If there is one thing Jeff and I just love, it’s knowing how major gifts programs work. This probably comes out of our background in direct marketing where we measured everything. There is a cost revenue metric attached to most every direct marketing activity, and we love it.
I am very curious about the cause and effect of most every life event. Why does James behave that way, and what causes it? If we do this, what will the reaction be? I have been a lifelong student of what causes all the effects in life; I am obsessed with knowing the why about most everything. I know, it can get tedious.
The interesting thing about major gifts (this is a generalization) is that most nonprofits do not measure cause and effect. And if they do, in Jeff’s and my judgment, they do it wrong. It is not enough just to say “we have a 10% increase over last year in our major gifts category” and really feel good about it. Much more is needed.
Then there’s the subject of major gift officer performance. If a donor is assigned to a MGO, some nonprofits credit the MGO for any gift that donor gives, regardless of whether the MGO has been in touch with them. I know of one case where the MGO has over 1,000 people on his caseload, and he gets credit for every gift given by every one of those thousand donors. When I asked if the MGO had actually caused all of those gifts, the MGO replied: “well, I sent them all a letter last year.” Huh? How does that work?
We also know of a MGO who has worked with a donor for over five years and developed a very close relationship with that donor – so close that when the MGO referred the donor to planned giving, the donor gave over $1 million in a planned gift. And the MGO’s manager did not credit the MGO for that gift! Wow, that is really something. Talk about ignoring the cause of that $1 million gift. Goodness.
There are arguments and debates about MGO compensation – should we have some form of economic reward for good MGO performance? There are pros and cons to all the points on this subject.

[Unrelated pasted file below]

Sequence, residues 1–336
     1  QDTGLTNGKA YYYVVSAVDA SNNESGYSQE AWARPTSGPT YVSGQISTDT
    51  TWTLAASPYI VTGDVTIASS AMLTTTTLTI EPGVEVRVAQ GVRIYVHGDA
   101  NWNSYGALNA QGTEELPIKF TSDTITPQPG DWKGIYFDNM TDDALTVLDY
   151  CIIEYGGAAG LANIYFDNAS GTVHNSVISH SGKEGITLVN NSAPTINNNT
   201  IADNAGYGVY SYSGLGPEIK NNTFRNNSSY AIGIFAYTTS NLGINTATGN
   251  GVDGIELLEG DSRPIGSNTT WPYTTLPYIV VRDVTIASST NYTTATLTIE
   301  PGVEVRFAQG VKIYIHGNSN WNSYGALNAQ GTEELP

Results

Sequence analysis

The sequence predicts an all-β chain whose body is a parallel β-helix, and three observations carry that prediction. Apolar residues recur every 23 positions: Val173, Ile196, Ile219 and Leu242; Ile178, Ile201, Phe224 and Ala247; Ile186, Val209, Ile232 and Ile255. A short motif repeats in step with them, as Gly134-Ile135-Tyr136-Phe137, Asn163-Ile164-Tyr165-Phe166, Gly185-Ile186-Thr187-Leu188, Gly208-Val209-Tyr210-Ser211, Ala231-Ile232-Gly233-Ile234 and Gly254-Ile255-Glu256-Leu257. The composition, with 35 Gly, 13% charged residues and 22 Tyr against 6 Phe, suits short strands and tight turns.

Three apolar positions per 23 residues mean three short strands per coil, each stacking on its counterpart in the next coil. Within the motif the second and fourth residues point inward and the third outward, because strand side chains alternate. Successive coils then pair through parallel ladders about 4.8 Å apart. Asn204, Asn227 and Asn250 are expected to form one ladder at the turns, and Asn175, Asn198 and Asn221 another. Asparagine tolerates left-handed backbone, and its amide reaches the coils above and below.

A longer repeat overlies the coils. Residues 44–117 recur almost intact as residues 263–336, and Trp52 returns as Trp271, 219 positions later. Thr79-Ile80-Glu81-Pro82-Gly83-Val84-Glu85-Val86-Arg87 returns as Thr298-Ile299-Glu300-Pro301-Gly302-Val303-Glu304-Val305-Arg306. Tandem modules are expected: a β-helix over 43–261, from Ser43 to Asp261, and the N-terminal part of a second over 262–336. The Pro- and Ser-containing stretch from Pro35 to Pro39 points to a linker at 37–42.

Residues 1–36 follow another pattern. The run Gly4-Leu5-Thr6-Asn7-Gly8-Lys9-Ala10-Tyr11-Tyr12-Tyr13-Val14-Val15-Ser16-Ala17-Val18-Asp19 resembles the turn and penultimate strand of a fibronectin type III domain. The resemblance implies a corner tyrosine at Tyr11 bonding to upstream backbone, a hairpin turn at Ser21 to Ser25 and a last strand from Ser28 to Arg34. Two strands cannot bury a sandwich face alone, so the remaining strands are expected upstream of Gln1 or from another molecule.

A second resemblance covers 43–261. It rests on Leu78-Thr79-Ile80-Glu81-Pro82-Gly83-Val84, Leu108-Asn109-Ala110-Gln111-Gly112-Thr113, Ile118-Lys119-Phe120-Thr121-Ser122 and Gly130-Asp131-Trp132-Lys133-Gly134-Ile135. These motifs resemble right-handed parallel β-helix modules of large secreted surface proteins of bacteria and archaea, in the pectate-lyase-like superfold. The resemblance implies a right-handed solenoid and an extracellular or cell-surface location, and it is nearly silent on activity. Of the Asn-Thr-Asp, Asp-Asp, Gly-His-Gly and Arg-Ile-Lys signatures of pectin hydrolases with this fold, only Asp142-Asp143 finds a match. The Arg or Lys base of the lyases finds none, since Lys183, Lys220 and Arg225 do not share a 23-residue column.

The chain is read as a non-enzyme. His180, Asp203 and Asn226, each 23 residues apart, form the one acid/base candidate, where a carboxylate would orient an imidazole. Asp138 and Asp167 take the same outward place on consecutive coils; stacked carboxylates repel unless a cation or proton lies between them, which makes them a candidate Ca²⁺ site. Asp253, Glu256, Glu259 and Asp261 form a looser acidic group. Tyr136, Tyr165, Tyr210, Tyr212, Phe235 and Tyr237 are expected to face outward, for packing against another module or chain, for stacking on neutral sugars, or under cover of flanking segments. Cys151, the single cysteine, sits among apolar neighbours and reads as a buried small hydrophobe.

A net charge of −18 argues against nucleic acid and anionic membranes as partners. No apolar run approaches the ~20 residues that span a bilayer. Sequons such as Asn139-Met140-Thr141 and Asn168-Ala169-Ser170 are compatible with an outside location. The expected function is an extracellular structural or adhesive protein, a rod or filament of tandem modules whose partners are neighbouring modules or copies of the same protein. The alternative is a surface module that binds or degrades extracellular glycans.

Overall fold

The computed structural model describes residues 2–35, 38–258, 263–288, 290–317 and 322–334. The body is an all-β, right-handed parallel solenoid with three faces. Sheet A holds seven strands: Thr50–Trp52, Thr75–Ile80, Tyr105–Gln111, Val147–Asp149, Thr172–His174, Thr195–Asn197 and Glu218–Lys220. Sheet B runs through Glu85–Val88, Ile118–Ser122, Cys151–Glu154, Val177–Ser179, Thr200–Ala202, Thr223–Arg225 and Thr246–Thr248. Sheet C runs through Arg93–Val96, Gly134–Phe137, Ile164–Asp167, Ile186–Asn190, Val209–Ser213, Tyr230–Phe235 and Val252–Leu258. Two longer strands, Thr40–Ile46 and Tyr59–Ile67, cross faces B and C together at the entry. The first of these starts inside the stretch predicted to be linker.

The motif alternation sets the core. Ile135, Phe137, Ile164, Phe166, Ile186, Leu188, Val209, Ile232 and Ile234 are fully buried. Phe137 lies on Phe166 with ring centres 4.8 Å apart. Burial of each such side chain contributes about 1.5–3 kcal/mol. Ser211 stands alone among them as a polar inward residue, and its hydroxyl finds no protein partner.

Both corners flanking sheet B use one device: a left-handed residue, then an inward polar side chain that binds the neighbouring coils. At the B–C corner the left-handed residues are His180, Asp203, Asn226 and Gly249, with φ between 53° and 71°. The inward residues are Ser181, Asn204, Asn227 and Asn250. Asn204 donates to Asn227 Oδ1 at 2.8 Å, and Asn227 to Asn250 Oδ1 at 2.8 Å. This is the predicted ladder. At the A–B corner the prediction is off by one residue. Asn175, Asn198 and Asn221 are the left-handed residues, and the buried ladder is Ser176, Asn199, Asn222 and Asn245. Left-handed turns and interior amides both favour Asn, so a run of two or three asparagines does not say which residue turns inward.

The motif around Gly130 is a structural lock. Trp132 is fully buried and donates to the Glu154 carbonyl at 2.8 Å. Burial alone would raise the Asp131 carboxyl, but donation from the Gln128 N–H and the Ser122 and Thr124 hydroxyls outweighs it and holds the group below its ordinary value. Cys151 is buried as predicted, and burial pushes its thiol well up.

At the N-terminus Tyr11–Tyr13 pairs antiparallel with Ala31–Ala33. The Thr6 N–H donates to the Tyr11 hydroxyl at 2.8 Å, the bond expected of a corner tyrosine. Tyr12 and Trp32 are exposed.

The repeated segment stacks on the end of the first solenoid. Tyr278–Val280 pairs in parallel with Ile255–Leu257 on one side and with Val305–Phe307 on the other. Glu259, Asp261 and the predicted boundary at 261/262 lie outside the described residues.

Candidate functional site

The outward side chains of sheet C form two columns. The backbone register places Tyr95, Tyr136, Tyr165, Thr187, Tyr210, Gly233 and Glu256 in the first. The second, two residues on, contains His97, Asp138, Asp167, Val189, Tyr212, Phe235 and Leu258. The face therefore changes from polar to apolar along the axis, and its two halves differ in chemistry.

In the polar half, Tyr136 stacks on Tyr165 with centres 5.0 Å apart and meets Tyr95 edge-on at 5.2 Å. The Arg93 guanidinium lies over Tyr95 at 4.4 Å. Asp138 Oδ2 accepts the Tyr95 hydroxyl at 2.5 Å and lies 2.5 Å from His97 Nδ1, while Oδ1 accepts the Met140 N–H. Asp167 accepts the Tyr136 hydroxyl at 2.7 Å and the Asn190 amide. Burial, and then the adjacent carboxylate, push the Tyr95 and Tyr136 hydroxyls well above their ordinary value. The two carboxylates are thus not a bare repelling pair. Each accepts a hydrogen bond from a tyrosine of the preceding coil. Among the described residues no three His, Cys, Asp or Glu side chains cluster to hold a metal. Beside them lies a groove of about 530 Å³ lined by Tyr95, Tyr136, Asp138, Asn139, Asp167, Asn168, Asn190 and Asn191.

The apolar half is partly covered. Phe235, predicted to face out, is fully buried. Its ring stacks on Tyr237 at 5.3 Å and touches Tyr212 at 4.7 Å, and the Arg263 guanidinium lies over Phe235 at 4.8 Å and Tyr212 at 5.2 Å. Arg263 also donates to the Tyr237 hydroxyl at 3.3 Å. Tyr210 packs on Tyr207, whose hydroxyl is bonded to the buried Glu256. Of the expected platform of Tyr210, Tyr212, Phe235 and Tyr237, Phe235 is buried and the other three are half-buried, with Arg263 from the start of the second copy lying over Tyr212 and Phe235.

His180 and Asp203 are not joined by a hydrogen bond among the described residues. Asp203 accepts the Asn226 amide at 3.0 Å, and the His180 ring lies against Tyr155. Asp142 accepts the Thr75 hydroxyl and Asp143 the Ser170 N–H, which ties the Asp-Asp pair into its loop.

We have had long discussions about what to measure. Is it the number of face-to-face visits? Or is it just reaching goals? Are we tracking the level of MGO activity, or are we just tracking results? It goes on and on.
So the subject of MGO performance and the related subjects of performance metrics, credit issues and compensation are hot topics these days. This is why I am writing this series of six posts on the subject, which we will cover over the next couple of weeks:
- Today we are introducing the subject.
- Then we will talk about the metrics to use in measuring performance. Does the MGO clearly understand how his or her performance will be measured?
- The next post will deal with credit issues. What should the MGO get credit for? How do you use soft credit and hard credit? Etc.
- We will follow this by talking about compensation and some ideas on rewarding performance through compensation.
- Then reporting. What is helpful in reporting on MGO performance?
- And lastly, a reminder to keep focused on what really matters.
This will be a fun ride, I promise. It is a very important topic because we need to know that what we are doing in major gifts is actually making a difference, that the resources being used for each MGO are maximized, and that the most net revenue for the cause is being developed.
Read the full series:
I look forward to the series announced in today’s blog post. It makes me think about the challenge/reality of fundraising and most endeavors in life as Seth Godin describes in his blog post today. We can offer influence but we cannot offer certainty.
Great idea for an important series. Thanks for writing about this. I’m eager to read them all.